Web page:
“I’m worried about the pandemic,” she said. “We need to do more to get it under control or nothing in our country is going to get back on track.”
Besides the pandemic, the death of Supreme Court Justice Ruth Bader Ginsberg, the fight for equal rights, the social-justice movement and Black Lives Matter are important issues for young voters.
“I have to say with this election I’m really focused on equality,” said Allie Myers via Snapchat, a 20-year-old Clarion University student from Morrisdale, Pennsylvania. “We don’t know what could happen and who will replace Justice Ginsburg, so now more than ever, equality needs to be at the forefront of our minds.”
Sara Flood, a 21-year-old, Penn State (Altoona) student from Sandy Ridge, Pennsylvania, has other issues in mind, too. “The biggest issue for me is abortion rights and the right for me to choose,” she said via Snapchat. “As a young adult, it’s scary to me that I may lose the right to choose to have an abortion.”
Bethany Coudriet, a 19-year-old East Stroudsburg University student from Grassflat, Pennsylvania, majoring in early childhood education, said via Snapchat: “I’m worried about education and the possible changes in the system. Whoever is elected will set forth the curriculum I have to follow when I graduate, and I just want what is best for my future students.”
Looking at the range of issues that these students have concerns about, Generation Z voting may change the outcome significantly of the election.
“I think the biggest issue is people just need to vote because without their vote the next four years could be drastically different” Myers said.
“I Am Overwhelmed!” How Young Voters Feel About the 2020 Election
By Gissell Umana
What motivates young people to vote, or not? A cross section of young voters in this reporter’s network answered that question.
Most voters are 30 years old or older, according to the U.S. Census, and the oldest generation, 65+, represents the majority of voters. In the 2018 election, over 66% of the voter turnout was older than 65, but only 35% of the voters were in the 18-29 age range, the census says.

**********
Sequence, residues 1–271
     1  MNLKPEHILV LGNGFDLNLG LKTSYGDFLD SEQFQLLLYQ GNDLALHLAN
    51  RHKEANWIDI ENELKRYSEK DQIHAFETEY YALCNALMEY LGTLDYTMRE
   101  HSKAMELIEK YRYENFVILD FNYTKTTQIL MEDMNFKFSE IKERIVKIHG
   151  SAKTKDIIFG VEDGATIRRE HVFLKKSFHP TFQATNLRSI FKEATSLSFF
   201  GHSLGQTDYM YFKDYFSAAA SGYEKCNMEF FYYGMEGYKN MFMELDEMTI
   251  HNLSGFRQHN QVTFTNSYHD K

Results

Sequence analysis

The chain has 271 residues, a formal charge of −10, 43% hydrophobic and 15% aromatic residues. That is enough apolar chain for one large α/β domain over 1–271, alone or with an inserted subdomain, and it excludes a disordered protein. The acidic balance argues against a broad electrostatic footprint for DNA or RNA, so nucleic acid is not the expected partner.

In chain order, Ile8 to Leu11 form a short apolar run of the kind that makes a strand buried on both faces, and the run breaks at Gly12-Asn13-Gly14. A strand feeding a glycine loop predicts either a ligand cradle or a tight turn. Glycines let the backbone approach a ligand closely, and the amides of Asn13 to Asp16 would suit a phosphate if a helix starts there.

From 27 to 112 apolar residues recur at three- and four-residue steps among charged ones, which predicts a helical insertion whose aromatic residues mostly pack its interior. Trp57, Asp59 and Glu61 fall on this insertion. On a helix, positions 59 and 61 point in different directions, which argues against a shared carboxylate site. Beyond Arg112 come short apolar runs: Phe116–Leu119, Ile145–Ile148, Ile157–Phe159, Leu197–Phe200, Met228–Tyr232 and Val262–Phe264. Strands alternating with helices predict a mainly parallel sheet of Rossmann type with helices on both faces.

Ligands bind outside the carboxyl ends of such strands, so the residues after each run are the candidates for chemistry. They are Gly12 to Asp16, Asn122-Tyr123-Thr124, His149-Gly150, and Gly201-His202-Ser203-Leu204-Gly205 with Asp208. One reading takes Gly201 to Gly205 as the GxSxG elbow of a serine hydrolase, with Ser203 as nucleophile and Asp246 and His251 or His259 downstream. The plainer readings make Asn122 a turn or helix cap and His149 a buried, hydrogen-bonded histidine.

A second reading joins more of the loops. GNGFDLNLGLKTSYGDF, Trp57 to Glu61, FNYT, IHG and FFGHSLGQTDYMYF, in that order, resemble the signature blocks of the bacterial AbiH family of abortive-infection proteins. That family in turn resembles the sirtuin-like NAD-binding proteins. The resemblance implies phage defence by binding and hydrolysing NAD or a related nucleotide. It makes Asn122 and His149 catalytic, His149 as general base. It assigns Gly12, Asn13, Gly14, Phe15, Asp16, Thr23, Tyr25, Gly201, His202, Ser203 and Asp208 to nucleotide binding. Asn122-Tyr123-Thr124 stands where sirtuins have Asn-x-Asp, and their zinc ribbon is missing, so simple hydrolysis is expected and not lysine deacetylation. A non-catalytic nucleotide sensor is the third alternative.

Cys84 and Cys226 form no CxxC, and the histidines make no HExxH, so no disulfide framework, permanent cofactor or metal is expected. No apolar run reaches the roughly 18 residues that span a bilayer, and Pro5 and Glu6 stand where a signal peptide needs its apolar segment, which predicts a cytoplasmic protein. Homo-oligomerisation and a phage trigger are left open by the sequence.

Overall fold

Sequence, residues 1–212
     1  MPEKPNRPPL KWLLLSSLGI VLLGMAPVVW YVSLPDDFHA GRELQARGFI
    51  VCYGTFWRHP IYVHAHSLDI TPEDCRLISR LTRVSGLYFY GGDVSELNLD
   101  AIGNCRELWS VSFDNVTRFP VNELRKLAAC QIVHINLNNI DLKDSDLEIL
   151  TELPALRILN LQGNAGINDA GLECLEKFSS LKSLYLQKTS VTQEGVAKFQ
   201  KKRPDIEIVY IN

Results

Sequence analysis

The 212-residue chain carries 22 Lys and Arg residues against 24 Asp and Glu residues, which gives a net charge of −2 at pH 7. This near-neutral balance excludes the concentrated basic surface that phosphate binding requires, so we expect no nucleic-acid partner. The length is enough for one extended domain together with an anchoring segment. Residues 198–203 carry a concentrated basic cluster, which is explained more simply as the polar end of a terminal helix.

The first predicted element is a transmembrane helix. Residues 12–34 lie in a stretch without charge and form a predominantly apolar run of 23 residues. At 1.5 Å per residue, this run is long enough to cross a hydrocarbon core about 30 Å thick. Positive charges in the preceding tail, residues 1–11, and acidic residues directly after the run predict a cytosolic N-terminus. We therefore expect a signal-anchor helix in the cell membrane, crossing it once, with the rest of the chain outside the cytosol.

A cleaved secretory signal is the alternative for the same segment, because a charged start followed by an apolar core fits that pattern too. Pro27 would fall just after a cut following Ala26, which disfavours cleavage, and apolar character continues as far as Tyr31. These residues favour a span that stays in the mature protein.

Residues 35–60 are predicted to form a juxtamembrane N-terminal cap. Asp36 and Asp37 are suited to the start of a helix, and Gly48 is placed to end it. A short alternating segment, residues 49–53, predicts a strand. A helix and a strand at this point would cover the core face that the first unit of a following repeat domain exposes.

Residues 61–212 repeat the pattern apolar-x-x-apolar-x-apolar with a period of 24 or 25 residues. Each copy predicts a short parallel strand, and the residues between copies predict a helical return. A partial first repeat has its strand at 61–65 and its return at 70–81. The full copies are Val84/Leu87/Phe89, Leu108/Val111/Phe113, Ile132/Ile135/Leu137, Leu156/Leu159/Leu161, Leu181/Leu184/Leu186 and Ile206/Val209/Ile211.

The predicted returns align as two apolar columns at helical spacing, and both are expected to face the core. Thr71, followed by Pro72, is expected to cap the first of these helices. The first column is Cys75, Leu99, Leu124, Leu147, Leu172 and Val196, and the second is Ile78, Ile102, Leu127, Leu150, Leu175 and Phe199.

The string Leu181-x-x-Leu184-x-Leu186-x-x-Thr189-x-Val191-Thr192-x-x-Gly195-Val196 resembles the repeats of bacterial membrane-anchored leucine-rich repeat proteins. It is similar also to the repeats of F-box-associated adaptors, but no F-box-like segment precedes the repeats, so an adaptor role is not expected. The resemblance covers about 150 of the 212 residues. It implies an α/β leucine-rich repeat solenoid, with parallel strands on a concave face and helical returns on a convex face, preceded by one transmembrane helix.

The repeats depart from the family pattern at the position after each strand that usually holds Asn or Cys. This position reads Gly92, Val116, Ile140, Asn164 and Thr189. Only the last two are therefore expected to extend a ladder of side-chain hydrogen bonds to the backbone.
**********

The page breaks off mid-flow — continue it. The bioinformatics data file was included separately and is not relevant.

Diana Hernandez, a 20-year-old Stockton University student in Galloway Township, N.J., has decided to not vote in this election.
“I do not want to vote, mainly because I don’t know enough information about each candidate — I’ll feel like I am wasting my vote if I go into it blindly,” Hernandez said via text. “I can’t learn everything about them and what they want for this country in such a short period of time, and I am overwhelmed.”
For someone who has never voted, understanding the policies of each candidate can seem like a daunting task. Some may want to make a difference, but are afraid of making the wrong decision. Others, like Brad Davis, a 28-year-old living in Bellingham, Wash., feel like their choice does not matter.
“I don’t vote because I, personally, don’t feel like my vote makes any semblance of a difference in my blue state,” Davis said via Instagram. “In Washington, the Democrats would win, regardless if I voted or not. The first presidential debate was a nightmare and, if I had the choice, I would throw away both candidates and vote for someone else.”
Phoebe Campbell, a 27-year-old Democrat from San Francisco, attending Whatcom Community College in Bellingham, Wash., said her vote would affect her life personally.
“I have several pre-existing conditions that, when untreated, make my life unliveable and, even treated, make it difficult to hold down a job,” Campbell said via Instagram. “A second Trump term would directly impact my ability to live independently.”
Campbell said that the executive order President Trump signed in September that he says protects people with pre-existing conditions, critics say, was largely symbolic and has no actual legal power.
“Biden was not my first or second or, frankly, probably not even my third choice as Democratic candidate,” Campbell said. “He is too established for my tastes and isn’t exactly inspiring, but I recognize that the only way we are going to move forward from here is to first stop moving backwards.”
Julissa Rodriguez, a 21-year-old from Long Branch, N.J., attending Brookdale Community College in her hometown, will be voting for the first time this year, Registering to vote was a decision that she said was the right thing to do, despite disliking both candidates.
“I am voting because if I don’t, I will not be doing my part as a U.S. citizen,” Rodriguez said. “Neither (of the) candidates, I believe, fit the role of a leader. They might just be too white and old to really understand the needs of people like me.